National Node of the BCH
Capacity Building Activities, Projects and Opportunities
Record information and status
Record ID
Date of creation
2001-11-28 22:48 UTC (dubravka.stepic@biodiv.org)
Date of last update
2010-01-11 11:41 UTC (intern.ross.carroll@cbd.int)
Date of publication
2010-01-11 11:41 UTC (intern.ross.carroll@cbd.int)

General information
Title of the initiative
International Workshop on Biosafety Regulatory Capacity-Building (Canada-Mexico Workshop)
Contact person
Mr. Marcus Ballinger
Environment Canada
International Policy and Coordination Branch, 22nd Floor
Les Terrasses de la Chaudiere
10 Wellington Street, Hull K1A 0H3, Canada
Beneficiary country(ies)
  • Mexico/global scope
  • Global
Type of initiative
Start Date
Ending date
Donor(s) information
Agency(ies) or Organization(s) implementing or sponsoring the initiative (Additional Information)
  • Organization: Mexican Ministry of Environment, Natural Resources and Fisheres; and Environment Canada
  • Type of Organization: Bilateral Donor Agency
Budget information
Government of Canada
Government of Mexico
Availability of funds for participants
Activity details
Description of the initiative
This International workshop examined the basic elements of biosafety regulatory frameworks, explored the experience gained in countries with economies at different stages of development in implementing a biosafety framework and reviewed current capacity-building initiatives. Special emphasis was placed on identifying the emerging needs of developing countries and countries with economies in transition to implement the basic elements of a biosafety regulatory system as envisaged by the Biosafety Protocol.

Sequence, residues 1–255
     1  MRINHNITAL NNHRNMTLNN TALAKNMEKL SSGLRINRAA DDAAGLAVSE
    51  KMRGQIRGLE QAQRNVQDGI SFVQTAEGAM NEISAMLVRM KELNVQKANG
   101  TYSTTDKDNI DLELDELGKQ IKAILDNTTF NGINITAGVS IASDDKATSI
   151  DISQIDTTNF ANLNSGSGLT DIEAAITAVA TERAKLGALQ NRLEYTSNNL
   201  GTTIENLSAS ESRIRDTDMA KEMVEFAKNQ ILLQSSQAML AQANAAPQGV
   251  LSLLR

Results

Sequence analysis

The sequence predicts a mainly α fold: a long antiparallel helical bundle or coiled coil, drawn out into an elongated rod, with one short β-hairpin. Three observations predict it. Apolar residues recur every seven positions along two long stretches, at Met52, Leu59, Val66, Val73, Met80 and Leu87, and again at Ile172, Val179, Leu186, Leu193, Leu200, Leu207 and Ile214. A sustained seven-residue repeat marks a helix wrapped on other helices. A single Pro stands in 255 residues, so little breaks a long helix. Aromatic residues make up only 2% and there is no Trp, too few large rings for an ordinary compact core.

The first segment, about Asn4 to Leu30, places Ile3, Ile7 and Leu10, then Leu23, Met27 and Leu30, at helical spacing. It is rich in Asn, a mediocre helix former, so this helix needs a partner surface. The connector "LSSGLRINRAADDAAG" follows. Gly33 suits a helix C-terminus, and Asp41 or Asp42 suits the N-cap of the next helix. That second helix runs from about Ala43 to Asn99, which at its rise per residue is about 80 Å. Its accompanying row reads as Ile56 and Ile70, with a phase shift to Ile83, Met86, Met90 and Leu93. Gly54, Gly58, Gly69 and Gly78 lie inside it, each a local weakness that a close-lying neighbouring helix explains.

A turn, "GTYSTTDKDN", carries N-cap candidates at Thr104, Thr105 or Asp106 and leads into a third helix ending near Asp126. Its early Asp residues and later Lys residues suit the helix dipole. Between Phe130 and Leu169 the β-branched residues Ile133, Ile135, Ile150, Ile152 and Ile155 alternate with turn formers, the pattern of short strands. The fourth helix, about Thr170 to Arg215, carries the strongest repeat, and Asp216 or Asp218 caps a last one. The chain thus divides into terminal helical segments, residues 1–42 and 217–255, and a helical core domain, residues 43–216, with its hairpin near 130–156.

Papers on the experience to date were presented by Canada, the United States, the United Kingdom, Mexico and the Russia Federation. Cameroon, India, Malaysia, and Brazil presented papers on their emerging needs to manage biosafety. Papers by UNEP, ISNAR, the European Commission, Australia, Canada, the United States, and Japan described and assessed current capacity-building efforts.

Participants discussed four topics in workshops, each of which produced a summary report of discussions: 1) regulation; 2) risk assessment and risk management; 3) administrative implementation and 4) information supply and public participation. These workshops are described briefly below.

Workshop 1: Emerging needs in regulation: different ways of implementing biosafety regulations- The workshop focus included biosafety regulations on LMO-related development activities that range from regulations on contained uses to confined releases, small- and large- scale field trials, deliberate field releases, and the consumption of products, including transboundary movement, in order to safeguard the biologically diverse resources and the environment as well as human and animal health. Emerging needs for biosafety regulation in developing countries and countries with economies in transition depend largely on the existing level and anticipation of the development of modern biotechnology within respective countries and/or regions. Of immediate concern are the regulations on notification and applications for importation for contained use and field trials of transgenic plants or animals from developed countries to be carried out in countries with no biosafety regulation or guidelines available or being enforced. In addition to the lack of appropriate biosafety regulation, these countries also lack required human resources and experience to handle such tasks and responsibility.